Colour Design: Shihoko Nakayama
Camera Operation: Anime Film, Yoshio Sugisawa, Asami Ogami, Satoru Ichikawa, Setsuko Maruhashi, Masahiro Kumagai, Hiroaki Yamada, Koji Suzuki, Yoshimi Kurata, Yoshinori Kitsugi, Hiroshi Fukuda, Chizuko Tezuka, Shigemi Ogawa, Kumiko Ito, Shuichi Ito
CG Production: Studio Ipse, Tsutomu Nomoto, Hirohumi Araki, Kouya Imamura, Youhei Miyahara, Norio Matsuda, Takahiro Shiotani, Ryoma Matsuya, Hajime Suzuki, Junko Anzai, Makoto Shiima, Yuji Sasada, Nastu Senno, Mitsuhiro Wada, Seishi Otani, Toshiyuki Nanto, Yumi Honyanagi
Digital Works: Mikio Odagawa, Chappy
Special Effects: Marix, Yutaka Hoshiba, Toshio Hasegawa, Kumiko Taniguchi, Sachi Suzuki, Toyohiko Sakakibara
Character Design/Animation Director: Toshihiro Kawamoto
Mechanical Animation Director: Masami Goto
Action Animation Director: Yutaka Nakamura
Animation Production: Bones
Key Animation: Takeshi Ito, Yasushi Muraki, Kenichi Yoshida, Tsunenori Saito, Takashi Tomioka, Yoshiyuki Ito, Tadaaki Miyata, Akitoshi Yokoyama, Norimitsu Suzuki, Tensai Okamura, Takeaki Bunno, Masahiro Ando, Atsushi Hasebe, Masami Goto, Isamu Imakake, Yoshihiko Umakoshi, Hideki Takahashi, Koichi Arai, Keisuke Masunaga, Masayoshi Sato, Takao Abo, Masahiro Emoto, Ken Otsuka, Hisashi Saito, Takaaki Fukuyo, Tetsuichi Yamagishi, Hiroshi Takeuchi, Yosiharu Kudo, Hiroyuki Kobe, Tatsufumi Tamagawa, Toshiyuki Tsuru, Hisashi Eguchi, Ichiro Itano, Shuko Murase, Hirotoshi Sano, Shiho Takeuchi, Takashi Kawaguchi, Tomoki Mizuno, Hiromitsu Morishita, Toshiyuki Kawano, Eiji Komatsu, Haruo Sotozaki, Ryota Ito
Layout: Shiho Takeuchi, Shingo Takeba
Editor: Shuichi Kakesu
Mechanical Design: Kimitoshi Yamane
Art Director: Atsushi Morikawa
Set Design: Shiho Takeuchi
Display Design: Yoshinori Sayama
Title Sequence (Storyboard/Unit Director): Hiroyuki Okiura
Title Sequence (Key Animation): Hiroyuki Okiura, Tetsuya Nishio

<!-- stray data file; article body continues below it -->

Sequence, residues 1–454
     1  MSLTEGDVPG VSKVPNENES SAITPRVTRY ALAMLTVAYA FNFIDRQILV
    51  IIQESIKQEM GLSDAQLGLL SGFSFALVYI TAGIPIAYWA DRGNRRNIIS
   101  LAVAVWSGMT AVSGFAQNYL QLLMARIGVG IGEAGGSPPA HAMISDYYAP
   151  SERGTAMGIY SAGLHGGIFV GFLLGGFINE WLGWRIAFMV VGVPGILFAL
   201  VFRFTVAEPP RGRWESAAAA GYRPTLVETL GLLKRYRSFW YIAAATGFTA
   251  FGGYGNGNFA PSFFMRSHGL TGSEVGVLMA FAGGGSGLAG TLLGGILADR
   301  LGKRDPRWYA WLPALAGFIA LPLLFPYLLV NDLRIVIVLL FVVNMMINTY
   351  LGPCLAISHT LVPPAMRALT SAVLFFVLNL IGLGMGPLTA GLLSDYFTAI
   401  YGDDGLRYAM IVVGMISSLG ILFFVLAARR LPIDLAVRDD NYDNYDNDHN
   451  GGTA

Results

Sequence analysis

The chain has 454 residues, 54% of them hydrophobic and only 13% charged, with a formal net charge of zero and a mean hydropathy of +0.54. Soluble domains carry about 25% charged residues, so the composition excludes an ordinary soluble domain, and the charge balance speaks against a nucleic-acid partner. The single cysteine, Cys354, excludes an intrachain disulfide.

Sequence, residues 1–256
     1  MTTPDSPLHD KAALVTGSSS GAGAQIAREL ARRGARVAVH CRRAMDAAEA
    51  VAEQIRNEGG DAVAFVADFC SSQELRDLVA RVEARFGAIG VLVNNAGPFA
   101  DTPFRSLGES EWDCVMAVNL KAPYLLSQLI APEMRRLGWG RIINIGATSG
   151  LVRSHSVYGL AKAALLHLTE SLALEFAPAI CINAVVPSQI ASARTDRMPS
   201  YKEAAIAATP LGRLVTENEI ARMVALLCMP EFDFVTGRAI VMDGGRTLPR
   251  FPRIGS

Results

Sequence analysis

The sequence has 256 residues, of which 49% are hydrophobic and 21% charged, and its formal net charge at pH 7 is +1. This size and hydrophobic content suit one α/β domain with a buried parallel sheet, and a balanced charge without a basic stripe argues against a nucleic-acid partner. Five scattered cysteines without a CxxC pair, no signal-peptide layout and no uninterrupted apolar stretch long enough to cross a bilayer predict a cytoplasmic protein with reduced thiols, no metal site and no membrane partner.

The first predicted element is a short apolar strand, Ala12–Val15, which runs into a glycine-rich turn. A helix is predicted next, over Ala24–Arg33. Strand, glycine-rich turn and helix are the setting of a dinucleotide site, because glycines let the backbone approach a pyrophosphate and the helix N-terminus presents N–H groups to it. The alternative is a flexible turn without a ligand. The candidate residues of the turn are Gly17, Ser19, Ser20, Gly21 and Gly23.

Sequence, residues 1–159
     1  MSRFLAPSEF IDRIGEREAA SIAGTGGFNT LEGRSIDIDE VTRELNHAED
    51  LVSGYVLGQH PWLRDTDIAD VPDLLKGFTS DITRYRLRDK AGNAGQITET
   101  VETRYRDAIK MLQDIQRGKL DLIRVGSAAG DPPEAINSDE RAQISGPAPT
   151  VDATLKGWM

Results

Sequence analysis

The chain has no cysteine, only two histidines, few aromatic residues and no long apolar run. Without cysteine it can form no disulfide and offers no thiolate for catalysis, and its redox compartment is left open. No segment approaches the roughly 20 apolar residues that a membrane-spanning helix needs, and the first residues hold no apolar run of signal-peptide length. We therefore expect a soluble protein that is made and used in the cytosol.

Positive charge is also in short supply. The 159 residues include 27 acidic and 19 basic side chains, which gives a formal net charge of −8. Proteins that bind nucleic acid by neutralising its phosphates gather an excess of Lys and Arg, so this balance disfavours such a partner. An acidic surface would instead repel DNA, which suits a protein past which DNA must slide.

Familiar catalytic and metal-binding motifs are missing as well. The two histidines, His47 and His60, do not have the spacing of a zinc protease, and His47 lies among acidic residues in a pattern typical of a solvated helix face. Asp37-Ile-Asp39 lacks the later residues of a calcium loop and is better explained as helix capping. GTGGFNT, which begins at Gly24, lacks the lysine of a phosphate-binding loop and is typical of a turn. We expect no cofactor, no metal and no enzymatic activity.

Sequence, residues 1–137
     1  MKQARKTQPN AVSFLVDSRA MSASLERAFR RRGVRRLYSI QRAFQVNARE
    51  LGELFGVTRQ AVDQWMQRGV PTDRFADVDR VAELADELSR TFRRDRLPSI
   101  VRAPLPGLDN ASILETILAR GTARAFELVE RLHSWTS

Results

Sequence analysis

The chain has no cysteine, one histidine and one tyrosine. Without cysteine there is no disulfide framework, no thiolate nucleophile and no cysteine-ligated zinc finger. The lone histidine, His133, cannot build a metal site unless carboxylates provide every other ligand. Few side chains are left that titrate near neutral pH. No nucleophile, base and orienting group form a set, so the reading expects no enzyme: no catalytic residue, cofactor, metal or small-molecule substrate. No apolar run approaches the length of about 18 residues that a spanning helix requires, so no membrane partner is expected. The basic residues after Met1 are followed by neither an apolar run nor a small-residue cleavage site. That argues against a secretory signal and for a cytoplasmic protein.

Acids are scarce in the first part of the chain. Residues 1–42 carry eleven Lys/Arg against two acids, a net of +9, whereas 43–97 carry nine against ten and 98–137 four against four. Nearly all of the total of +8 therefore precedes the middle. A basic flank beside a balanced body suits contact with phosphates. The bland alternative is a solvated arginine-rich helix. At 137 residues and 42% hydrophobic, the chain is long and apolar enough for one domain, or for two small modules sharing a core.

Title Sequence (Background): Shuichi Hirata, Rei Kawano
Title Sequence (Colour Design): Yumiko Katayama
Title Sequence (Composite): Naoko Usumi
Title Sequence (Typography): Daisuke Yamada
Main Title: Toshiaki Uesugi
Music: Yoko Kanno
Music Performed by: Seatbelts
Sound Director: Katsuyoshi Kobayashi
Sound Mixer: Hiroaki Uchiyama
Optical Sound Recording: Futoshi Ueda
Digital Optical Recording: Noboru Nishio
Chief Sound Mixer: Masashi Yabuhara
Sound Effects: Shizuo Kurahashi

Voice Cast
Koichi Yamadera (Spike Spiegel)
Unsho Ishizuka (Jet Black)
Megumi Hayashibara (Faye Valentine)
Aoi Tada (Ed)
Yasuku Yara (Hoffman)
Kazuhiko Inoue (Shadkins)
Jyurouta Kosugi (Harris)
Kinryu Arimoto (captain)
Hidekatsu Shibata (colonel)
Yuji Ueda (Lee)
Nobuo Tobita (Murata)
Rikiya Koyama (Steve)
Ai Kobayashi (Electra)
Jin Hirao (Antonio)
Akihiko Nakajima (Carlos)
Hiroshi Naka (Jovin)
Tsutomu Naruki (Punch)
Miki Nagasawa (Judy)
Renji Ishibashi (Rengie)
Yosuke Akimoto (crime lab group A)
Kazuya Ichijo (crime lab group B)
Eisuke Yoda (antique store owner)
Takashi Nagasako (Caster)
Mickey Curtis (Rashid)
Takehiro Koyama (Laughing Bull)
Yutaka Nakano (Pop)
Houko Kuswashima (female cashier)
Masuo Amada (robber A)
Junichi Sugawara (robber B)
Ishin Chiba (robber C)
Katsuyuki Konishi (robber D)
Kujira (lady)
Kazusa Mural (Riley, the journalist)
Tsutomu Isobe (Vincent)

Japan 2001
115 mins

Early Days of Anime Shorts Programme 1917-1946 + intro
Tue 29 Mar 18:00; Mon 11 Apr 20:40
Momotaro’s Divine Sea Warriors (Momotarō: Umi no Shinpei)
Wed 30 Mar 21:00; Wed 13 Apr 18:30
Exploring Anime: Panel Discussion
Thu 31 Mar 18:15
Fri 1 Apr 18:15; Sun 17 Apr 12:10
Kimba the White Lion (Jangaru Taitei)
Fri 1 Apr 20:45; Sat 9 Apr 12:40
Belladonna of Sadness (Kanashimi no Belladonna)
Mon 4 Apr 20:30 (+ intro by Helen McCarthy); Mon 18 Apr 15:30

Spirited Away (Sen to Chihiro no Kamikakushi)
Mon 28 Mar 20:35; Fri 29 Apr 18:00
When Marnie Was There (Omoide No Mani)
Tue 29 Mar 20:40
My Neighbour Totoro (Tonari no Totoro)
Tue 5 Apr 18:20; Fri 8 Apr 20:50

Steamboy (Suchîmubôi)
Sat 9 Apr 20:20; Fri 15 Apr 20:30; Wed 20 Apr 18:10
Royal Space Force: The Wings of Honneamise (Ōritsu Uchūgun: Oneamisu no Tsubasa)
Tue 12 Apr 18:00; Sat 23 Apr 20:40
Patlabor: The Movie (Kidô keisatsu patorebâ: Gekijô-ban)
Wed 13 Apr 20:40; Sun 17 Apr 18:20; Thu 28 Apr 18:15
Cowboy Bebop: The Movie (Cowboy Bebop: Tengoku no tobira)
Thu 14 Apr 20:45; Sat 16 Apr 20:30; Fri 22 Apr 20:40
Patlabor 2: The Movie (Kidô keisatsu patorebâ: The Movie 2)
Fri 15 Apr 18:15; Thu 21 Apr 20:30; Thu 28 Apr 20:45
The Case of Hana & Alice (Hana to Arisu Satsujin Jiken)
Sat 16 Apr 18:35; Tue 26 Apr 20:55

This season was co-programmed by writer and academic Hanako Miyata

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Programme notes and credits compiled by the BFI Documentation Unit